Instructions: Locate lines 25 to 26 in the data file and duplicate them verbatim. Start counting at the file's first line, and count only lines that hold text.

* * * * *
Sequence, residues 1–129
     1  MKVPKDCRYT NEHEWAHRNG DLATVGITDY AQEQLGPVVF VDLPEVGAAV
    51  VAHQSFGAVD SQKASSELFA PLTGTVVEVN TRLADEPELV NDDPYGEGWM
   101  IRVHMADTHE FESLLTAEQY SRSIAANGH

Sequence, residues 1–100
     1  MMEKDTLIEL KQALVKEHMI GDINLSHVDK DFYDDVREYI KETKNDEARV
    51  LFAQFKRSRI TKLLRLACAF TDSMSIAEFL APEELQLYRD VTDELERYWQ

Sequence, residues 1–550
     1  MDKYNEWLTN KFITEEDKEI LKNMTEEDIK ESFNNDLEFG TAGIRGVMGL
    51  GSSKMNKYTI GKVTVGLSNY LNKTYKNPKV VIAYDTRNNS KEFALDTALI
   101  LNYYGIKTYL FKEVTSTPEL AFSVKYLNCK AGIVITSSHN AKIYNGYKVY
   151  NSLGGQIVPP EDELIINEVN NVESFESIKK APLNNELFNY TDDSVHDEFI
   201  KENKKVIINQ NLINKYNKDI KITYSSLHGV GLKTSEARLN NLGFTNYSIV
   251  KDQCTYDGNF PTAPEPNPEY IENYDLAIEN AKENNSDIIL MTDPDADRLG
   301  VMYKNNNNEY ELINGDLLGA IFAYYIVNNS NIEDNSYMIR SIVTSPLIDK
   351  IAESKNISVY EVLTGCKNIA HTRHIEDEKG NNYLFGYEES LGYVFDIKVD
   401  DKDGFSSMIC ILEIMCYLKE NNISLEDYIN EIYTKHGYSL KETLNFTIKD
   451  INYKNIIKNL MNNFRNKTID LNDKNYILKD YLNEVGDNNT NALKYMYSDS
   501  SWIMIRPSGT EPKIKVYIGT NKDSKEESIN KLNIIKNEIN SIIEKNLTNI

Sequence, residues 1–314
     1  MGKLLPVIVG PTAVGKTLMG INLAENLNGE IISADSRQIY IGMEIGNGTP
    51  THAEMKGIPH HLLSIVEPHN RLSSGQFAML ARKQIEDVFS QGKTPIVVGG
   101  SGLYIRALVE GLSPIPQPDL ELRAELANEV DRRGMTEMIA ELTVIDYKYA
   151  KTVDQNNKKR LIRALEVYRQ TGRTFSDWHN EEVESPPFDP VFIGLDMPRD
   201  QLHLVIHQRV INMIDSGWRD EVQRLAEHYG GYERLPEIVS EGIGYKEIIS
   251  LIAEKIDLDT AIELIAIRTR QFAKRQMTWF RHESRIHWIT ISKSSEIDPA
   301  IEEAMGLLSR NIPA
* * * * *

   201  QLHLVIHQRV INMIDSGWRD EVQRLAEHYG GYERLPEIVS EGIGYKEIIS
   251  LIAEKIDLDT AIELIAIRTR QFAKRQMTWF RHESRIHWIT ISKSSEIDPA